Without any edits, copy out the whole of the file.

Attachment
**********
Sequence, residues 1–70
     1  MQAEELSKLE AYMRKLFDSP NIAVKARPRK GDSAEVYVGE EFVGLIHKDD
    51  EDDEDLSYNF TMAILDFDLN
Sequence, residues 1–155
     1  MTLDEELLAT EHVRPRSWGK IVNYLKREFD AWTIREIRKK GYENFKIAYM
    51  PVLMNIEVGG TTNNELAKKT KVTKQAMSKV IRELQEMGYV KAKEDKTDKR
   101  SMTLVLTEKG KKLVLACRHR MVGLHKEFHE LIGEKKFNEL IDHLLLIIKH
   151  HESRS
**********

Sequence, residues 1–70
     1  MQAEELSKLE AYMRKLFDSP NIAVKARPRK GDSAEVYVGE EFVGLIHKDD
    51  EDDEDLSYNF TMAILDFDLN
Sequence, residues 1–155
     1  MTLDEELLAT EHVRPRSWGK IVNYLKREFD AWTIREIRKK GYENFKIAYM
    51  PVLMNIEVGG TTNNELAKKT KVTKQAMSKV IRELQEMGYV KAKEDKTDKR
   101  SMTLVLTEKG KKLVLACRHR MVGLHKEFHE LIGEKKFNEL IDHLLLIIKH
   151  HESRS